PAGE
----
Casinos are gambling establishments which offer a wide variety of games that have some element of skill. They may also offer a wide selection of food, drinks and other amenities to attract patrons. While the flashy lights, stage shows and expensive hotel rooms that make casinos famous help to draw customers in, the gambling games themselves are the economic engine that drives them. Slot machines, craps, blackjack, roulette, poker and other games are responsible for the billions of dollars in profits raked in by American casinos each year.

In general, the house has a mathematical advantage over players at any game. This can be expressed in terms of expected value (or expectancy), a measure which is uniformly negative for the player, or in more technical terms as the house edge. In some games, the house edge is much higher than in others. Casinos can limit their exposure to this disadvantage by offering special inducements to big bettors. These may include free spectacular entertainment, free or reduced-fare transportation and luxurious living quarters.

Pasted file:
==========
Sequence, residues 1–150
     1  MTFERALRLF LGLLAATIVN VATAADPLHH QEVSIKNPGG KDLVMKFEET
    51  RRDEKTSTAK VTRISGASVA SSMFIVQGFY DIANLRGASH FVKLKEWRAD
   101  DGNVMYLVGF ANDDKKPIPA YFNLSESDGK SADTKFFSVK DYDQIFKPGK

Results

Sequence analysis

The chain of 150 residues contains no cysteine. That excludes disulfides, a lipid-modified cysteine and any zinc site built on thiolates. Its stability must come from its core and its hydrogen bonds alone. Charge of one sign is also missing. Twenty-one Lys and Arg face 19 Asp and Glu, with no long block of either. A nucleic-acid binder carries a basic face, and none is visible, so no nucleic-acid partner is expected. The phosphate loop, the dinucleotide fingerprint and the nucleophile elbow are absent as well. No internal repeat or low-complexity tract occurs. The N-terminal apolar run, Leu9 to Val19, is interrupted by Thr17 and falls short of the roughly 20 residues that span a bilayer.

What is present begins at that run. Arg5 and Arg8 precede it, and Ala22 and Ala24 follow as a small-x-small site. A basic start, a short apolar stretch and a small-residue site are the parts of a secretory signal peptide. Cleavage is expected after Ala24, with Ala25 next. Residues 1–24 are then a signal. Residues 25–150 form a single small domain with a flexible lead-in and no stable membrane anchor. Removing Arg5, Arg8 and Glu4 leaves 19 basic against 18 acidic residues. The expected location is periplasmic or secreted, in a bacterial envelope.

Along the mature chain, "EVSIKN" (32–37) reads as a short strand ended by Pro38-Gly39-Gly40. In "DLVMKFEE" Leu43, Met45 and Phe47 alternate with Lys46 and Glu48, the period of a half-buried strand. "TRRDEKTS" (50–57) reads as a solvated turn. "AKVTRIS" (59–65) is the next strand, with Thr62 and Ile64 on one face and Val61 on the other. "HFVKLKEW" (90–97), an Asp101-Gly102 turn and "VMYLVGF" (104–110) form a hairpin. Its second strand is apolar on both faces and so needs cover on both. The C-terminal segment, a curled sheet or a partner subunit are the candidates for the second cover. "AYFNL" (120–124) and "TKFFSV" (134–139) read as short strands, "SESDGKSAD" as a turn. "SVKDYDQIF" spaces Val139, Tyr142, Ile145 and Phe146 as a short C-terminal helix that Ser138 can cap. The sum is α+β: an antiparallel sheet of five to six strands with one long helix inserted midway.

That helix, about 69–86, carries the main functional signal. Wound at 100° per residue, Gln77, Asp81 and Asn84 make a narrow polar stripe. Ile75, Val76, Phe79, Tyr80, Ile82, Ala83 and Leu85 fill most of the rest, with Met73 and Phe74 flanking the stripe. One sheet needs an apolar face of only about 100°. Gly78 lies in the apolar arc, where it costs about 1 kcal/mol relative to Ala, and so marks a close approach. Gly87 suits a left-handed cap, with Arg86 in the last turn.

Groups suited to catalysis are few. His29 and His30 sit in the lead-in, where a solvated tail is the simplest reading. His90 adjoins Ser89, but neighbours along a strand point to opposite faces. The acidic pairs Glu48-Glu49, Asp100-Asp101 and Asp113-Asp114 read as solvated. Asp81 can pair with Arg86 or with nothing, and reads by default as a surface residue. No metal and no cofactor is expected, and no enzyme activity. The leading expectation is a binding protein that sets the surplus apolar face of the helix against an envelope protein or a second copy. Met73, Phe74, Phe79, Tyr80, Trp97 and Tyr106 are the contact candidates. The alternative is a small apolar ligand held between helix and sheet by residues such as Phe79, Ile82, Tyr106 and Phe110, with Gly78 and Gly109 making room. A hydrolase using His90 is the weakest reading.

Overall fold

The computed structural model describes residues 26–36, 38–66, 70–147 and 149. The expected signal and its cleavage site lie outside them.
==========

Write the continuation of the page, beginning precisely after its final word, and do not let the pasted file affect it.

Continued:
Despite these attractions, the casino industry faces many challenges. Many critics contend that casinos shift spending from other forms of entertainment and that the cost of treating problem gamblers and the loss in productivity caused by compulsive gambling offset any economic benefits. The industry also faces increasing competition from Internet casinos and other new technologies that offer many of the same gaming activities at a lower cost. Nevertheless, casinos continue to grow. In 2008, 24% of Americans reported having visited a casino in the previous year.